Trump has often shown deep ignorance and cruelty on issues of global health. During the Ebola outbreak, when he was still a reality TV host, he said the US should not allow Ebola-infected citizens and aid workers to come back to the US and should let them “suffer the consequences.”
He even deliberately spread misinformation, saying Ebola was: “Spreading all over Africa-and fast. Stop flights” and “The U.S. must immediately stop all flights from EBOLA infected countries or the plague will start and spread inside our ‘borders.’ Act fast!” He said this even though halting flights would bring potentially harmful consequences, like “hindering info-sharing, medical supply chains and harming economies,” according to the World Health Organization director general Tedros Adhanom Ghebreyesus.
In 2014-2015 during the Ebola outbreak, his apparent disdain lived largely on Twitter. Now, in addition to sharing his often false opinions on Twitter, he claimed earlier this month that the coronavirus would weaken in the warmer weather despite no evidence to that effect.
The Trump administration is chronically inept at, and seemingly uninterested in, any type of long-term planning, given the numerous positions in government that remain vacant as well as the constant rotation of key cabinet positions and the ad hoc decisions made on the basis of a conversation or Fox News clip.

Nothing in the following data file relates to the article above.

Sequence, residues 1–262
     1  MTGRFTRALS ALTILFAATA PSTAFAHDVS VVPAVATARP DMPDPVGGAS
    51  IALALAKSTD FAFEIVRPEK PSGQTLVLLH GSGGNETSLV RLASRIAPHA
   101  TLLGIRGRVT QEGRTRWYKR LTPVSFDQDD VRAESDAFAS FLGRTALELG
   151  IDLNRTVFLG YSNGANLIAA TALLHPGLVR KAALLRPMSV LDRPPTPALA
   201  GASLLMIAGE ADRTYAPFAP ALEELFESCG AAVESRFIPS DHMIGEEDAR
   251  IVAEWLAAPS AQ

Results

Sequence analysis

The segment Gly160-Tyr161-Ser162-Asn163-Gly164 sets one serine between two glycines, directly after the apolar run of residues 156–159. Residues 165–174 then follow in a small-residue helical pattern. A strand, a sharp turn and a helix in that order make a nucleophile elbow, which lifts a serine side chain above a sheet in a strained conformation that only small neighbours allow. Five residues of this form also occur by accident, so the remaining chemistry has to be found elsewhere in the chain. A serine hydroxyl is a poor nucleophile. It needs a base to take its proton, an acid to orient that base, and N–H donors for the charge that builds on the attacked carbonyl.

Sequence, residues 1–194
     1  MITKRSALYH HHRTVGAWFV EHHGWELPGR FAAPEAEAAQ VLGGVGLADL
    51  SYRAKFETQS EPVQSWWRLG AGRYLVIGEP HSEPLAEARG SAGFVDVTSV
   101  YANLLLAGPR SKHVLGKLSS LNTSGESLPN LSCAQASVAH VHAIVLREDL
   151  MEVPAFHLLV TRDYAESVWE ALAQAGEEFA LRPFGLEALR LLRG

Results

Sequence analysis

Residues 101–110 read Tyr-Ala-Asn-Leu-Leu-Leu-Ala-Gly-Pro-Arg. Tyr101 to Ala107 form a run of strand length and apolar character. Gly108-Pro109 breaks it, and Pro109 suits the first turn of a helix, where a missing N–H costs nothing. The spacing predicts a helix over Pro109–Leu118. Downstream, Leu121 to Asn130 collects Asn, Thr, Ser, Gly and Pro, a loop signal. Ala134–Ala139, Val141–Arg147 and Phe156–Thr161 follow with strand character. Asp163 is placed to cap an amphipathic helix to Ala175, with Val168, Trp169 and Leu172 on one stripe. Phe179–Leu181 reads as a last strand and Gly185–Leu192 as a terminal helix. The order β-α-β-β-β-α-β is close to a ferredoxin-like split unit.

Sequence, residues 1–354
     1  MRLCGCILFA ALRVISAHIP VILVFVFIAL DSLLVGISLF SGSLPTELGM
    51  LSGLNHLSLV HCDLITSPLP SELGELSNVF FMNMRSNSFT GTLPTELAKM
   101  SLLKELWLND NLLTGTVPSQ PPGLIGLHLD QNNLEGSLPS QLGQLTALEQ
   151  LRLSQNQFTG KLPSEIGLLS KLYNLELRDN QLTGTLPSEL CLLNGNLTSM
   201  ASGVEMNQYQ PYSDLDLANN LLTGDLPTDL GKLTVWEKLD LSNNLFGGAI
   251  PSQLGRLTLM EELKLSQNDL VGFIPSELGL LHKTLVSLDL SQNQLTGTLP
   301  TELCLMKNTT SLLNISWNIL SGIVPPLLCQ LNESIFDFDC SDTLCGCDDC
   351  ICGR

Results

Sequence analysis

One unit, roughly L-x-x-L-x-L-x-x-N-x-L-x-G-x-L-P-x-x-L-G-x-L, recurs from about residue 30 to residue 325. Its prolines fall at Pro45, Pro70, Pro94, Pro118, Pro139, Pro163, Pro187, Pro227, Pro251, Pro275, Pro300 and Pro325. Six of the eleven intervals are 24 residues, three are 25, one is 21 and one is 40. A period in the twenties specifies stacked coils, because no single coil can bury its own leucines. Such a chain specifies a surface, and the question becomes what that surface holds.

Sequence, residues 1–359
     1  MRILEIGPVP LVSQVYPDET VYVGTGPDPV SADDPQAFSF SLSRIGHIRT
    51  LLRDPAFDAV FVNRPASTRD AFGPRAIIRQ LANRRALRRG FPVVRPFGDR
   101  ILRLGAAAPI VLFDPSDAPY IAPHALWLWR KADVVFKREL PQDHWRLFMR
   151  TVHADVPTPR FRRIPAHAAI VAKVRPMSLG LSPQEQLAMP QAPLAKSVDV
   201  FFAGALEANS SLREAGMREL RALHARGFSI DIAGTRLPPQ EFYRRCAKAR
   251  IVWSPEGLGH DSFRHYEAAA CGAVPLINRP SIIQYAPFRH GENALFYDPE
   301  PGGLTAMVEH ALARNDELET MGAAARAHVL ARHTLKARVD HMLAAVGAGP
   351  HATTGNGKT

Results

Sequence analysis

That posture, colliding with an anti-science and anti-expert bias, has corroded our epidemic preparedness. Columbia University has even tracked more than 400 cases of the Trump administration’s efforts to restrict or dismiss scientific research, education or discussion, or the publication or use of scientific information since 2016.
The dissolution of the entire global health security unit and removal of global health security expert Timothy Ziemer from the National Security Council was the final step in a process of undermining one of the Obama administration’s key decisions on global health.
The unit monitored epidemics and ensured that public health planning was coordinated within the more traditional security infrastructure. The lack of a clear chain of command for pandemic response is exactly the opposite of what is needed during an outbreak: clear governance, strategic thinking and forward-planning.
To put it simply, the Trump administration, by seeking to cut funding and rejecting proven solutions, is not sufficiently prepared to face a major threat like the novel coronavirus outbreak. As the American people face what the World Health Organization has deemed a public health emergency, we need a strong leader who understands the importance of good governance, expertise and diverse perspectives in bringing outbreaks under control.
The next election provides an opportunity to safeguard the health of people both in the US and around the world. We hope the Democratic candidates will outline what they would do to respond to the current coronavirus crisis and how they would prevent future epidemics through investments in research, expertise and infrastructure.